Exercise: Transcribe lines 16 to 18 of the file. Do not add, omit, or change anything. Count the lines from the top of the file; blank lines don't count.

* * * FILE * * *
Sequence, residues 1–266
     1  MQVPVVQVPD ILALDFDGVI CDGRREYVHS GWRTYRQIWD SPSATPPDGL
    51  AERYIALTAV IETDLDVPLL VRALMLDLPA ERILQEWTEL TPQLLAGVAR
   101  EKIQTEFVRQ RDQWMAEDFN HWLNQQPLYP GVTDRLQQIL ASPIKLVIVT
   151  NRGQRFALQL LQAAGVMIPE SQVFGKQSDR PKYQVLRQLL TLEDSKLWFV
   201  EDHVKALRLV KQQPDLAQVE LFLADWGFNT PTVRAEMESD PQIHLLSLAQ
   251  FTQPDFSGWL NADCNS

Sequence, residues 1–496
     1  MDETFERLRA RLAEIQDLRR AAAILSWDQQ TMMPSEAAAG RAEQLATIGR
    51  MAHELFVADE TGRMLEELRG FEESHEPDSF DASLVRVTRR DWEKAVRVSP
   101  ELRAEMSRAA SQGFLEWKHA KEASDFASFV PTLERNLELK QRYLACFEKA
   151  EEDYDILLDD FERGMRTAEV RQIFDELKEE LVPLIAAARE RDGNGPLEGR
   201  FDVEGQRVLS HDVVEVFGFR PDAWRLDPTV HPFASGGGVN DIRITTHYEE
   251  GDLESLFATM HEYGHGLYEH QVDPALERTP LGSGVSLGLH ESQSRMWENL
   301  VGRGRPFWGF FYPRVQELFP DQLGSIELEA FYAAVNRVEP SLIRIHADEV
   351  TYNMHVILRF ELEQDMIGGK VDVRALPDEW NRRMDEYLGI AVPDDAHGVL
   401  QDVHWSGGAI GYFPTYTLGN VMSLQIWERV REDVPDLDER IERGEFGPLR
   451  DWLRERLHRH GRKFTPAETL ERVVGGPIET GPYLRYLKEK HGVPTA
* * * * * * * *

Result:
   351  TYNMHVILRF ELEQDMIGGK VDVRALPDEW NRRMDEYLGI AVPDDAHGVL
   401  QDVHWSGGAI GYFPTYTLGN VMSLQIWERV REDVPDLDER IERGEFGPLR
   451  DWLRERLHRH GRKFTPAETL ERVVGGPIET GPYLRYLKEK HGVPTA